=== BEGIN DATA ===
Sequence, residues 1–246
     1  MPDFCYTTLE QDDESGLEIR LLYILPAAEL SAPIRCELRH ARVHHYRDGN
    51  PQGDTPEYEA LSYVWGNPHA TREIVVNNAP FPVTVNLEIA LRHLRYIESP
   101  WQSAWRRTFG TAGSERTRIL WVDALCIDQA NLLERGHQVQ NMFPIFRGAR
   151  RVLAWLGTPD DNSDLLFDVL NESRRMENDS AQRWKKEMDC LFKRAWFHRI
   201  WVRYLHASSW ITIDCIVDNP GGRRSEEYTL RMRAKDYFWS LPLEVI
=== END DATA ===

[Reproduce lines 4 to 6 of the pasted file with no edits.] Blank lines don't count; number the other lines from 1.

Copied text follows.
   101  WQSAWRRTFG TAGSERTRIL WVDALCIDQA NLLERGHQVQ NMFPIFRGAR
   151  RVLAWLGTPD DNSDLLFDVL NESRRMENDS AQRWKKEMDC LFKRAWFHRI
   201  WVRYLHASSW ITIDCIVDNP GGRRSEEYTL RMRAKDYFWS LPLEVI